• Retarder and OPEN Thinner
      GOLDEN Retarder can be blended with acrylic paints, gels and mediums to extend drying time. Typical recommendation is to limit additions to no more than 15% of the total. However, when working on absorbent papers, the concerns of adding too much Retarder are less of an issue.

      GOLDEN OPEN Thinner can be used as a thin-bodied retarder when less viscosity is desired. As with the Retarder, the usual guidelines on maximum addition can be relaxed due to the absorbent nature of paper. For more information, see the following Tech Sheet:

      OPEN Thinner
      http://www.goldenpaints.com/technicalinfo_openthin

    • Silk-Sreen Medium
      Because of its slow-drying properties, GOLDEN Silk-Screen Medium works well for monotyping. Blend equal parts paint to Silk-Screen Medium to start and adjust as desired. For additional instruction, refer to the following Tech Sheet:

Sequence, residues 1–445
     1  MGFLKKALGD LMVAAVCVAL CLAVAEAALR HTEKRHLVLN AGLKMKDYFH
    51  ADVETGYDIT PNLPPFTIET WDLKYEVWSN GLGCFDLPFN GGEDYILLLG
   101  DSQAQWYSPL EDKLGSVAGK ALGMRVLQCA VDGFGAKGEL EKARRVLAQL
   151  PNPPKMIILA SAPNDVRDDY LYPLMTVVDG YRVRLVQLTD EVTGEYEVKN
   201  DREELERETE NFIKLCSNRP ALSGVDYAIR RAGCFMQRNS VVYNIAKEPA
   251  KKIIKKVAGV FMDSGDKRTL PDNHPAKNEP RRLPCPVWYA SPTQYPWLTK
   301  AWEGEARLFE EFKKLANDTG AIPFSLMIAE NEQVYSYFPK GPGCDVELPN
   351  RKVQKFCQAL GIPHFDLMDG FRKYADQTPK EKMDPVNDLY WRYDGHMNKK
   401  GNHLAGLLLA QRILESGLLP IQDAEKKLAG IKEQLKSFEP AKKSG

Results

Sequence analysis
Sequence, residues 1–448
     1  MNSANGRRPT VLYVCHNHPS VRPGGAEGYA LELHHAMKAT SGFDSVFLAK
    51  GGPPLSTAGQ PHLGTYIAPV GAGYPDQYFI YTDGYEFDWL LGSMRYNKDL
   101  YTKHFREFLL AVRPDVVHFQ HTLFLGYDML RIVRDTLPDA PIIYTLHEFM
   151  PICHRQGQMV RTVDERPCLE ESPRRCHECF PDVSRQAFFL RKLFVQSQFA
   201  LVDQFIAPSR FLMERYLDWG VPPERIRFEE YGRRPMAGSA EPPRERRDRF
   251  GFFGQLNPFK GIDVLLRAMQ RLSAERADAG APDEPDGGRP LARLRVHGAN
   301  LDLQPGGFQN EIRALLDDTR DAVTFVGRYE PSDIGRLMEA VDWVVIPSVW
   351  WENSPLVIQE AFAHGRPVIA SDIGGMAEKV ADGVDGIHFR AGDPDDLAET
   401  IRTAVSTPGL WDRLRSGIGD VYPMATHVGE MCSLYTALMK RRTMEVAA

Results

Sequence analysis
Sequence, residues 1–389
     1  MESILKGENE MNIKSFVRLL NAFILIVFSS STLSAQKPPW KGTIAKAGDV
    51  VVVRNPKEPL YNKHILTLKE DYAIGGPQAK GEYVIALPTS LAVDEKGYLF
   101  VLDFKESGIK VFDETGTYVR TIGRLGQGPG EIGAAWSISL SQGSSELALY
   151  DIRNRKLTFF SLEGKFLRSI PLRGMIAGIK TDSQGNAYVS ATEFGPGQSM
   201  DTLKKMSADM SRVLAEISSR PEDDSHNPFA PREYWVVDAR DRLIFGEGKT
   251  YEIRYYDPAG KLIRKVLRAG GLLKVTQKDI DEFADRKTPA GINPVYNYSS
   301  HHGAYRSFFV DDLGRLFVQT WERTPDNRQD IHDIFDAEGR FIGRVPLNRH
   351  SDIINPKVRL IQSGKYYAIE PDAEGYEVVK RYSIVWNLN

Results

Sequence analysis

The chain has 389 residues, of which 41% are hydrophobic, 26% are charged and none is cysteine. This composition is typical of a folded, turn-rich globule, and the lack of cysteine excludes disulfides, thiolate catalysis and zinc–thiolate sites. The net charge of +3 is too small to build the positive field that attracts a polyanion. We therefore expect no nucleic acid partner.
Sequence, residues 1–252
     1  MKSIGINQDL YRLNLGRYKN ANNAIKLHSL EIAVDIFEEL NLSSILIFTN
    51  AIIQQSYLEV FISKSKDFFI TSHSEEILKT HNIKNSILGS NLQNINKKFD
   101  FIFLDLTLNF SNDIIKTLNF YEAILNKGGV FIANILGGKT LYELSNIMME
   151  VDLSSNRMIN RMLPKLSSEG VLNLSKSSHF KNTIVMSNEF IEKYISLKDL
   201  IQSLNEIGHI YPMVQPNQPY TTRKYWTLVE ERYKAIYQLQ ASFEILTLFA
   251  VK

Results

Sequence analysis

Silk-Screen Medium
      http://www.goldenpaints.com/technicalinfo_silkscrn

    • Acrylic Glazing Liquid GOLDEN Acrylic Glazing Liquid has a longer working time than typical acrylic mediums. As much medium as desired can be added without the concern of poor film formation. Available in Gloss and Satin. For additional instruction, refer to the following Tech Sheet:

      Acrylic Glazing Liquid
      http://www.goldenpaints.com/technicalinfo_glazeliq

    • OPEN Medium and Gel GOLDEN OPEN Medium (Gloss) and OPEN Gel (Gloss) can be used with Golden Heavy Body and Fluid Acrylics to increase working time. Open time will be proportionate to the percentage that is added. For complete information refer to the following Tech Sheet: